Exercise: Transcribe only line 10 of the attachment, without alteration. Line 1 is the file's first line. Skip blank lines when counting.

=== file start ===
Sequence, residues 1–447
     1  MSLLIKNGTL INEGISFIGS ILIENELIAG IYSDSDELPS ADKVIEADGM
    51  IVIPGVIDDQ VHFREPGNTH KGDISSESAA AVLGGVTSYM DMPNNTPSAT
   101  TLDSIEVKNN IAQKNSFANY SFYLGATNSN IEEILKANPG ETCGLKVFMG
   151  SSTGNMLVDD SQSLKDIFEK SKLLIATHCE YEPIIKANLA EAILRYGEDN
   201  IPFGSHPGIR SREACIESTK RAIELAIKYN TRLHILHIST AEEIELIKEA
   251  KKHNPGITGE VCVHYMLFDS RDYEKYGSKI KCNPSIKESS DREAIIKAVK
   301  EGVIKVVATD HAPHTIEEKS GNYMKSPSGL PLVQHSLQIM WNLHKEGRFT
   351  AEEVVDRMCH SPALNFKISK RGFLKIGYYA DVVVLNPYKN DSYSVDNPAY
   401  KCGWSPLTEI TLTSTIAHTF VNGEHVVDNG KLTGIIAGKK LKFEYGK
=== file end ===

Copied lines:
   401  KCGWSPLTEI TLTSTIAHTF VNGEHVVDNG KLTGIIAGKK LKFEYGK